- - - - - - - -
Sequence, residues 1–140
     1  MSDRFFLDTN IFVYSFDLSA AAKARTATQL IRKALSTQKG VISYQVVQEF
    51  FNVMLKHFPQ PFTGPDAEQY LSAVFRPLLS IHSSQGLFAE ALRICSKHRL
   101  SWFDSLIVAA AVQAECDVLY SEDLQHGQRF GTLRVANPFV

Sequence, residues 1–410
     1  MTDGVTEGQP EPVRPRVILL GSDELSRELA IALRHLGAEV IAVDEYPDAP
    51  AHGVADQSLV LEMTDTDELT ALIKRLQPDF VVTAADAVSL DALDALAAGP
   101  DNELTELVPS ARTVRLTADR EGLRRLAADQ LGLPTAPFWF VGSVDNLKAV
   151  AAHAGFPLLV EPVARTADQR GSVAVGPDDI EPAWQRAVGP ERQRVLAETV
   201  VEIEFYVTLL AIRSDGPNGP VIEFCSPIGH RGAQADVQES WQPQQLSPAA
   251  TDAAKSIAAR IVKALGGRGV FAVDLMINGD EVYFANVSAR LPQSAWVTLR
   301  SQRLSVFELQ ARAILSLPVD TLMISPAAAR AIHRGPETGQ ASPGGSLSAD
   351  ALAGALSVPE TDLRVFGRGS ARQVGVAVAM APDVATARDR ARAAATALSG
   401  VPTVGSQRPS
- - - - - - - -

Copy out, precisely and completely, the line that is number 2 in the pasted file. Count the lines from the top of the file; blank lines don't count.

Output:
     1  MSDRFFLDTN IFVYSFDLSA AAKARTATQL IRKALSTQKG VISYQVVQEF